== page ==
New Hampshire lawmakers are mulling two bills that would expand background checks for gun purchases.
The House is expected to vote Wednesday on legislation that would require private sellers to conduct sales through licensed firearm dealers who, under federal law, must perform background checks on prospective buyers.
In the wake of the Newtown shootings, policy makers in New Hampshire and around the country asked themselves if there are policies that need changing. And one area where compromise seemed plausible was improving mental health reporting in background checks.
That was the subject of a bill before a state Senate committee today.
However, the proposal ultimately united groups --- ranging from the Second Amendment Sisters to the Disabilities Rights Center -- in opposition.
This week, the legislature returns and hears new bills. Up before the Senate judiciary committee are a proposal to establish domestic violence as a separate crime and one requiring certain persons with mental illness to be barred from owning guns and placed on a federal registry. On Thursday, the House holds its first hearing on a bill to repeal the death penalty.
The news was hard to fathom a year ago: twenty first graders and six educators shot to death during an ordinary school day in Newtown, Connecticut. Afterward, the national soul-searching seemed to reach new depths, with President Obama insisting “these tragedies must end, and to end them we must change.” At the time, polls showed a majority of Americans agreed some aspects of gun laws could be altered, expanding background checks, for instance. But Washington lawmakers failed pass legislation, and the debate has since shifted to the states. Both sides have scored victories in state leg
As Instagram passes its third birthday, a small but growing community of users are beginning to utilize the website for the private exchange of goods. Two million of the site’s annual photo uploads are items being put up for sale, with the actual negotiations taking place via comment threads and private messages.
Among the many items being legally sold through Instagram are firearms. Brian Ries is Senior Social Media Editor at The Daily Beast and joins us to explain.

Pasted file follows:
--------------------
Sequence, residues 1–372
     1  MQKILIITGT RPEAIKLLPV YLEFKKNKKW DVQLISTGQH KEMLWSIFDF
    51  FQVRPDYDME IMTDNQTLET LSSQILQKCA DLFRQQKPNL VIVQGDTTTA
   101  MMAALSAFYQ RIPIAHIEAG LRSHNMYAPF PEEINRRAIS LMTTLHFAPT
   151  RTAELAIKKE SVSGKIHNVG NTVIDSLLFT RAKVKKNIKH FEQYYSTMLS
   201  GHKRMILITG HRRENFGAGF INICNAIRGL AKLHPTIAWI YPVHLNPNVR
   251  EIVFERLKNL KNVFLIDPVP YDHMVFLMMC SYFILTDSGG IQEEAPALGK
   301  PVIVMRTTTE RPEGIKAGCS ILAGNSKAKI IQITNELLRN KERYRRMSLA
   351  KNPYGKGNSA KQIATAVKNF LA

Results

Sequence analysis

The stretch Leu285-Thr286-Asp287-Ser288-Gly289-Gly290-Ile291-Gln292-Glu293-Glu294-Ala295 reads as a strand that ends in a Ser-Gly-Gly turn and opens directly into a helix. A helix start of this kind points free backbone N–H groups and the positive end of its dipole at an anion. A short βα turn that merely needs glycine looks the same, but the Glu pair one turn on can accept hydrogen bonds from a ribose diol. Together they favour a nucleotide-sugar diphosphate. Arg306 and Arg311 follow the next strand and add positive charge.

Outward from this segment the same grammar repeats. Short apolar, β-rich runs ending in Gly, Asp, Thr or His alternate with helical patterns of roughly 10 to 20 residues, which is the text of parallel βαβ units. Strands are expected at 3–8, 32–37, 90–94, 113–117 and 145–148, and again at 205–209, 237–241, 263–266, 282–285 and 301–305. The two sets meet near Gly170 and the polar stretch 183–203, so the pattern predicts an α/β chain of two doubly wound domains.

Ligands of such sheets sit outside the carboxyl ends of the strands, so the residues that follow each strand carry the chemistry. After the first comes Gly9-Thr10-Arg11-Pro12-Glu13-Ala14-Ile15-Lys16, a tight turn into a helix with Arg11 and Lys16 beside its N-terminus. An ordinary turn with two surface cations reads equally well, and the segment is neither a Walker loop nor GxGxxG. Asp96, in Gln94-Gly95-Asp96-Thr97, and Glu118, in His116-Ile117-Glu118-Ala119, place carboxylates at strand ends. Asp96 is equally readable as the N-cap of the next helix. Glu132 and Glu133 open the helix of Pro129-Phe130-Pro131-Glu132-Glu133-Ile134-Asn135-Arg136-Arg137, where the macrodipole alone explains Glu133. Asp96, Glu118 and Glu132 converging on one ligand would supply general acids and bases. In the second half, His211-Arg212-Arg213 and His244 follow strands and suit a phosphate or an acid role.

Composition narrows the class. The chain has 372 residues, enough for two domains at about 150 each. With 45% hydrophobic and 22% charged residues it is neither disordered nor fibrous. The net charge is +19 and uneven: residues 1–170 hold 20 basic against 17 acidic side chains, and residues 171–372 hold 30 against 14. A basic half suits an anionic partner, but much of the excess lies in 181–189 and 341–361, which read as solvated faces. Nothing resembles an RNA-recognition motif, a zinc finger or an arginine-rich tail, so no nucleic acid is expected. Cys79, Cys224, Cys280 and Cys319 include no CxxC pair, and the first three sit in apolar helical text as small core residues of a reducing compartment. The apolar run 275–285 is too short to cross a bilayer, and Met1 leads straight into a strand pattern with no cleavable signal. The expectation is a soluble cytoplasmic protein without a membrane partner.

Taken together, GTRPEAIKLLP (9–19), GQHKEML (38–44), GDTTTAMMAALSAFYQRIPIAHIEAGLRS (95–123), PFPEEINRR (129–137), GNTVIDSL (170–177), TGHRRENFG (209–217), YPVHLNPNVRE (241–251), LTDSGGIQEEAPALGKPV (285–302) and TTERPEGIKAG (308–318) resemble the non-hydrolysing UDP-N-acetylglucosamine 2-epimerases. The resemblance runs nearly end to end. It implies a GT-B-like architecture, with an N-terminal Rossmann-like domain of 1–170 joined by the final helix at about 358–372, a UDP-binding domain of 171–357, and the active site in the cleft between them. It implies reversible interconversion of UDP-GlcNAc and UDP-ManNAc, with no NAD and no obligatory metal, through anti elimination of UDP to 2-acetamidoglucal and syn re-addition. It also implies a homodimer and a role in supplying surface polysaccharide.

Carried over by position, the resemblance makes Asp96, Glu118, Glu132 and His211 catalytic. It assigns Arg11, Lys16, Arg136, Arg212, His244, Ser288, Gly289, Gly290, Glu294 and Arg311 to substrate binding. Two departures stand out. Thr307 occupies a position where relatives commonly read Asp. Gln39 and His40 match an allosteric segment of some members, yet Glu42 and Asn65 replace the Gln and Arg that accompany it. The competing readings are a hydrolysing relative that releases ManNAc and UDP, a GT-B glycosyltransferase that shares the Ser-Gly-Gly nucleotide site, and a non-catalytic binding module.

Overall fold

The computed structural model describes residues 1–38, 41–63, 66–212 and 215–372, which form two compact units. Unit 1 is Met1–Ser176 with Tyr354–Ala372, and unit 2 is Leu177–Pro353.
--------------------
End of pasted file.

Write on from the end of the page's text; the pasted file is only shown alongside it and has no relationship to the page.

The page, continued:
Today, we wrap up our series The Download on New Hampshire’s App Economy with the profile of an independent developer. In some ways, it’s a classic story: he left his full-time job to work on his program at home in Derry. But he’s anything but a stereotypical computer geek.
Congressional approval rating hit a new now of 10.5 percent this week. If you’ve found yourself yelling at the radio and TV news coverage of the government shutdown and plotting revenge at the next election, you may not have to wait until 2014.
Last month, two of Colorado’s Democratic state senators became targets of a successful recall after voting for more restrictive gun legislation, adding to the increasing number of recall campaigns launched over the past two years.
Seth Masket is a political scientist at the University of Denver, and a regular contributor to Pacific Standard. He spoke with us about his article “The Recall is the New Normal”.
Pop culture has made the sniper out to be the lone wolf of warfare. The truth is that long-distance shooting is a two man-job. The sniper may hold, aim and fire the rifle, but it’s the other half of the team – the spotter – who does the ballistics calculations of distance, drop, the slant of the earth, along with wind and other atmospheric factors. They’re typically equipped with a scope and a notepad, sometimes even a laptop. So, what if there was a weapon that could do all the arithmetic for you, transforming even amateur fire-arm users into deadly sharp-shooters? Well…now there is.
Derek Mead is host of the short film called “Long Shot” – covering his investigation and field test of the so-called “smart-rifle”, created by the Texas-based company Tracking Point Solutions. “Long Shot” was produced by Vice magazine’s tech-based video channel Motherboard, and Derek is also editor-in-chief of Motherboard.